SARATOGA SPRINGS, UT, January 13, 2022 /24-7PressRelease/ -- Dale S. Preece has been included in Marquis Who's Who. As in all Marquis Who's Who biographical volumes, individuals profiled are selected based on current reference value. Factors such as position, noteworthy accomplishments, visibility, and prominence in a field are all considered during the selection process.
Mr. Preece initially obtained a Master of Science in civil engineering from Brigham Young University in Provo, Utah. He continued his education with a Doctor of Philosophy in the same discipline from the University of New Mexico in Albuquerque. Mr. Preece has excelled for over forty years in the field of explosives engineering.
In 1980, Mr. Preece accepted a position with Sandia National Laboratories, one of the three National Nuclear Security Administration research and development laboratories in the United States that develop, engineer, and test the non-nuclear components of nuclear weapons and high technology. With the aforementioned company in Albuquerque, he worked on a variety of rock mechanics and explosive-related projects.
As a principal and distinguished member of the technical staff with Sandia between 1996 and 2007, Mr. Preece served as technical leader for five engineers and three technicians on a variety of explosives engineering projects. Among them included a substantial five-year Sandia/Oil Industry/University $2.5 million project for prediction and control of sand production in oil wells, an investigation of premature ignition of 20mm explosive bullets in the barrels of M61 six-barrel Gatling guns mounted on FA18 and M16 fighter aircraft, identifying the cause and implementing changes to the bullet design and manufacture and explosive/structure interaction studies for architectural surety at many United States government facilities. Dr. Preece also led the Sandia effort to develop, test and deploy an arm gauntlet for soldiers in Iraq and Afghanistan. The gauntlet protects soldiers' arms from RPG impacts on the doors of a HUMV. A US Patent was awarded for the gauntlet design. Moreover, Mr. Peerce developed computer modeling methods to predict the results of rock blasting that resulted in the computer programs Distinct Motion Code (DMC), and DMC-3D, which are utilized to predict rock movement resulting from blasting.
With Orica from 2007 to 2017, Mr. Peerce made an impact as a senior research associate, a global technology manager and a senior manager in explosive applications research. He notably developed 2D and 3D rock blasting software, led researchers in the design and continued development of software for predicting the results and effects of rock blasting in terms of vibration, fragmentation and movement and developed a new focused energy explosive booster. Mr. Preece was subsequently active with the Moncourt Group as a senior consultant in 2018.
Dr. Preece was recruited by Dyno Nobel in 2018 as a general manager in its blast modeling technology division, developing its blast modeling capabilities utilizing state-of-art computing resources in terms of much faster processors, substantially increased memory and cloud computing. The results of that effort are the development of a new, radically different, approach to blasting induced fragmentation. That new capability is named FDM (Fracture Density Model) which is a computer program that processes the volume of rock surrounding the blasthole to create a 3D representation of "Fracture Density". Particle size is calculated as the inverse of Fracture Density and summed over the model to create a "Fragment Size Distribution" for the blast. The 3D volume processing nature of FDM makes it much more accurate than the previous standard Kuz-Ram model based on 2D curve fitting. A patent application for FDM has been prepared and submitted to the US Patent office. Also developed for Dyno Nobel is a blast heave (movement) prediction capability named GEM (Geologic Element Model). GEM is a discrete element computer program that predicts blasting induced rock movement during blasting. Blast movement is called "Heave" and is an important aspect of rock blasting that benefits from a predictive capability. GEM utilizes a new discrete element that represents broken rock particles with arcs and lines which is a very computationally efficient algorithm. GEM has been successfully exercised on cast blasting and mineral choke blasting. A patent application for GEM has also been prepared and submitted to the US Patent office.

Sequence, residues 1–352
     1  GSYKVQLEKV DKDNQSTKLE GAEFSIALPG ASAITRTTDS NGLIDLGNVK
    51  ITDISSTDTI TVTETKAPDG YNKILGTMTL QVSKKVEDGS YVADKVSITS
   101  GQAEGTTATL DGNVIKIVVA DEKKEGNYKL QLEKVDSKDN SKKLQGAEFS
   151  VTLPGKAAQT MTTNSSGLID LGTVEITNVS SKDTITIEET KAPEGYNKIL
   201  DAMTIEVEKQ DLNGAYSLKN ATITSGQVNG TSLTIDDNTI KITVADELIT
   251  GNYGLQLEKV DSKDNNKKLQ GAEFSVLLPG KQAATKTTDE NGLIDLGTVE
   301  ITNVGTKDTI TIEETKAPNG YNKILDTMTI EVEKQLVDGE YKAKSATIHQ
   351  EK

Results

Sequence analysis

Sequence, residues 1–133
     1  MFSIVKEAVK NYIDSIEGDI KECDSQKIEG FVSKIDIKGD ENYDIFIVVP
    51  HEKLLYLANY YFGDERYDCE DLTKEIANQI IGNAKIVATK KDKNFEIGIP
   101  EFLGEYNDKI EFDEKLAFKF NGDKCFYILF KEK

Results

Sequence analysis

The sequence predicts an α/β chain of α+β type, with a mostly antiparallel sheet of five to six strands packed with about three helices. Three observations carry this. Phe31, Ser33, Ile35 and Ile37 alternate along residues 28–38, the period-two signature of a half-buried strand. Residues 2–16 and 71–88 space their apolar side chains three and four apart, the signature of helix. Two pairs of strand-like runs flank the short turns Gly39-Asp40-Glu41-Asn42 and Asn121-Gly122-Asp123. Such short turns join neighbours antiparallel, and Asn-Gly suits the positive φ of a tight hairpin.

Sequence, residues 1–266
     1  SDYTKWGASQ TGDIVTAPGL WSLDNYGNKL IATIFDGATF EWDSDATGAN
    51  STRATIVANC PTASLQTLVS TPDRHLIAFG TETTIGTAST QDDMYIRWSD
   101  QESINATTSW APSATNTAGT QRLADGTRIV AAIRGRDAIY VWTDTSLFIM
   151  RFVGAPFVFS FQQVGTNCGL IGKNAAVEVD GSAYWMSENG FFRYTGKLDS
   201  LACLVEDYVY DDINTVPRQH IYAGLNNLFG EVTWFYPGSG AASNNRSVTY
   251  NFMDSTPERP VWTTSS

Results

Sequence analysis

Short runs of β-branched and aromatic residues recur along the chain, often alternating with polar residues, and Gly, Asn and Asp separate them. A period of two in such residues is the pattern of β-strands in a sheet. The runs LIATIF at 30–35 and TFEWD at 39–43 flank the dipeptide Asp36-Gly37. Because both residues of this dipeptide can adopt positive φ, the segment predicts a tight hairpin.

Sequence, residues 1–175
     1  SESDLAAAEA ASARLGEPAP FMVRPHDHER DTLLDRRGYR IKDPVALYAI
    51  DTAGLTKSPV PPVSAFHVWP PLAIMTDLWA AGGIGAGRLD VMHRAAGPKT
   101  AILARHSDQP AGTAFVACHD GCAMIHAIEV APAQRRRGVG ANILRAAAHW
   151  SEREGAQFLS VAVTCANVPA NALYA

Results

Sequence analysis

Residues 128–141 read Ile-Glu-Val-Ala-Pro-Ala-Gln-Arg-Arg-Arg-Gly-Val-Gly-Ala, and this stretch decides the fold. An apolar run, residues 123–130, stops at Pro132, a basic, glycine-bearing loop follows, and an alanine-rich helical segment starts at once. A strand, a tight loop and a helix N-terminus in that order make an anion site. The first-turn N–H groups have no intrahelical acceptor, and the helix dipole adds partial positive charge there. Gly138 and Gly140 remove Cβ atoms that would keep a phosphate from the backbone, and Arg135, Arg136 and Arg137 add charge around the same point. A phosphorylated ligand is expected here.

In 2017, Mr. Peerce was presented with a Distinguished Service Award from the International Society of Explosives Engineers (ISEE) given to outstanding contributors in explosives engineering. Furthermore, he is the author of over 140 technical papers and journal articles, has contributed to several books and was appointed as the editor of the ISEE's Blasting and Fragmentation Journal. In the coming years, Dr. Preece hopes to continue his exemplary work as a general manager at Dyno Nobel.
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Since 1899, when A. N. Marquis printed the First Edition of Who's Who in America®, Marquis Who's Who® has chronicled the lives of the most accomplished individuals and innovators from every significant field of endeavor, including politics, business, medicine, law, education, art, religion and entertainment. Today, Who's Who in America® remains an essential biographical source for thousands of researchers, journalists, librarians and executive search firms around the world. Marquis® now publishes many Who's Who titles, including Who's Who in America®, Who's Who in the World®, Who's Who in American Law®, Who's Who in Medicine and Healthcare®, Who's Who in Science and Engineering®, and Who's Who in Asia®. Marquis® publications may be visited at the official Marquis Who's Who® website at www.marquiswhoswho.com.
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